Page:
Famed investor Warren Buffett generated fantastic returns over the course of his life by following a specific strategy of making investments in deeply undervalued companies when nobody else was interested in them. In the example quoted above, Warren Buffett took advantage of an outstanding buying opportunity in South Korea, once again committing capital to investments that were unpopular while avoiding those investments that were popular.
“The four most expensive words in the English language are ‘this time it’s different.’” It’s different this time, and it’s also not different this time. It’s different this time because the credit-driven U.S. economy is burdened with a monumental level of financial obligations relative to GDP.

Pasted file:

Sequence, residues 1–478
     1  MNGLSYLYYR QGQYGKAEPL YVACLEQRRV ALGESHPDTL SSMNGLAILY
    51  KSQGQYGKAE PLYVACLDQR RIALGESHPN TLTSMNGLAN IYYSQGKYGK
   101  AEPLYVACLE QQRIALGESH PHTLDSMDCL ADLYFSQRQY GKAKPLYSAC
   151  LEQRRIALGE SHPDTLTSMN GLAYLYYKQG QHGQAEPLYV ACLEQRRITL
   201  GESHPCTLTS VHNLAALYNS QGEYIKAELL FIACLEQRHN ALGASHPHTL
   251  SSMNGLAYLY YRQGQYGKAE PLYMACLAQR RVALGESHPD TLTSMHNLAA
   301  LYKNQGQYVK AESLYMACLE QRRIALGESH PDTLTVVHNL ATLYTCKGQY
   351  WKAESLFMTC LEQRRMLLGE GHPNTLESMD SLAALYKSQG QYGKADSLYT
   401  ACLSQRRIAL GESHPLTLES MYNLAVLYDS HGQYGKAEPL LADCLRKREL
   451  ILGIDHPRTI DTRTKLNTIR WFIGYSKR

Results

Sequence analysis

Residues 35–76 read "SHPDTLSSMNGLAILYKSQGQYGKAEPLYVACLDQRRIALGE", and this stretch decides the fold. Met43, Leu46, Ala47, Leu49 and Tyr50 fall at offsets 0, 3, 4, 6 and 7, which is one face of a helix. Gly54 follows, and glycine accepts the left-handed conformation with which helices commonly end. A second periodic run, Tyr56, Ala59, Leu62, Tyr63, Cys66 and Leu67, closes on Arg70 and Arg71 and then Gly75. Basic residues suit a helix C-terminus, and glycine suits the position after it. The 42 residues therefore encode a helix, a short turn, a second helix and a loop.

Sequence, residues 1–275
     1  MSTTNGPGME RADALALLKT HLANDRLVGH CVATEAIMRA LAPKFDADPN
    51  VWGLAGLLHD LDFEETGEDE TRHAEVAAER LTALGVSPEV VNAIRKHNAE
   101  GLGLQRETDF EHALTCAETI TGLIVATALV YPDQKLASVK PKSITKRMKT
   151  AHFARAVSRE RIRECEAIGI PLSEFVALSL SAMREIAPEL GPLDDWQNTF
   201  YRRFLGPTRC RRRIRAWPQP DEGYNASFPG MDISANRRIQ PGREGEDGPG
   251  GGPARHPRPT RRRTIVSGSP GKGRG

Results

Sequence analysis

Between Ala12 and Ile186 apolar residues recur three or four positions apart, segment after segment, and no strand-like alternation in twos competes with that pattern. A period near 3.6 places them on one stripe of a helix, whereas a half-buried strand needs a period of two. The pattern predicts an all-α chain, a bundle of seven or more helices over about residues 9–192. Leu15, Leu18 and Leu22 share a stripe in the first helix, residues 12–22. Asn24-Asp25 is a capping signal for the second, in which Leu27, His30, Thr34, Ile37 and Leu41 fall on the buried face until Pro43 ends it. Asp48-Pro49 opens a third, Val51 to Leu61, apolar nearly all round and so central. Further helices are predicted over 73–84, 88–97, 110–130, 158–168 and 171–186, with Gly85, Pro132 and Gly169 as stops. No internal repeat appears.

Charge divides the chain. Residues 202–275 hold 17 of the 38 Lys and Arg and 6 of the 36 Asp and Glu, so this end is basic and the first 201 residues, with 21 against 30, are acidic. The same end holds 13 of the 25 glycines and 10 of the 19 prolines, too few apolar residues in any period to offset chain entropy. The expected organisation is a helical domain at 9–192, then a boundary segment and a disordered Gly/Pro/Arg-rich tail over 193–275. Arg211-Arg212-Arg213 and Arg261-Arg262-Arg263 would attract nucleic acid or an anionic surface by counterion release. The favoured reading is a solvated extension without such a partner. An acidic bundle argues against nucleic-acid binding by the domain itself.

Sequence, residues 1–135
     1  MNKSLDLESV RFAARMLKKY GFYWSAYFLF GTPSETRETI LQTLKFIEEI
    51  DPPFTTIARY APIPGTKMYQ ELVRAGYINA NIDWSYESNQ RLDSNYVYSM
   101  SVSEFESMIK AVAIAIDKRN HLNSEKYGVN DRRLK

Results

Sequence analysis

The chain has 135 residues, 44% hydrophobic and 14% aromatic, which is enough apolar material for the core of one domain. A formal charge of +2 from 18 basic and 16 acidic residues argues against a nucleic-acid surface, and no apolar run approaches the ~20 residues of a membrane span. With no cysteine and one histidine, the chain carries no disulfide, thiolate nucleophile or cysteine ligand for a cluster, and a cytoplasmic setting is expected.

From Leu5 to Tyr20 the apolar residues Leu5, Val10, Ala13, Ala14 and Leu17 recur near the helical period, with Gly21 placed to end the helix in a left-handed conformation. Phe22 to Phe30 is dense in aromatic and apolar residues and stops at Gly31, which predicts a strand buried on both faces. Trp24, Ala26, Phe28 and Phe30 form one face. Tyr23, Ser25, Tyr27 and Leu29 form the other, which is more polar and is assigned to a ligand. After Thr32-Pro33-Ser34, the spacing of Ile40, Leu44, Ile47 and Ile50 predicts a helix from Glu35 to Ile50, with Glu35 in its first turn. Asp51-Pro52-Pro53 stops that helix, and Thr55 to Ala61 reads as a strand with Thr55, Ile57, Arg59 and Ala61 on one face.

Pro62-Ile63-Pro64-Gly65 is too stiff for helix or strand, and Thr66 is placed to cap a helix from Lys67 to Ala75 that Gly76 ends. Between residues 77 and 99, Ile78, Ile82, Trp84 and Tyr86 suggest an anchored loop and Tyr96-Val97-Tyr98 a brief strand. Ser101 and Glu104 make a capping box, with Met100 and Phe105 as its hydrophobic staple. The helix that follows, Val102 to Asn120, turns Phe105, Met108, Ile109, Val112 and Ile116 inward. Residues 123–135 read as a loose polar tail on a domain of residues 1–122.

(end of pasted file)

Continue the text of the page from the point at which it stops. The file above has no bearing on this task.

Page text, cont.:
History often repeats itself; when the economy is persistently weak, populism and trade protectionism tend to rise.
Analyzing historical precedents can often provide useful insights. As Mark Twain once said, “history doesn’t repeat itself, but it often rhymes.”
“This is an upsetting event to all of us here at United…
I apologize for having to re-accommodate these customers.” Oscar Munoz, CEO of United Continental Airlines
In hindsight, corporate scams are easy to identify; hindsight vision is always clearer at the bottom of an
economic cycle or at the bottom of a Bear Market after the money has disappeared.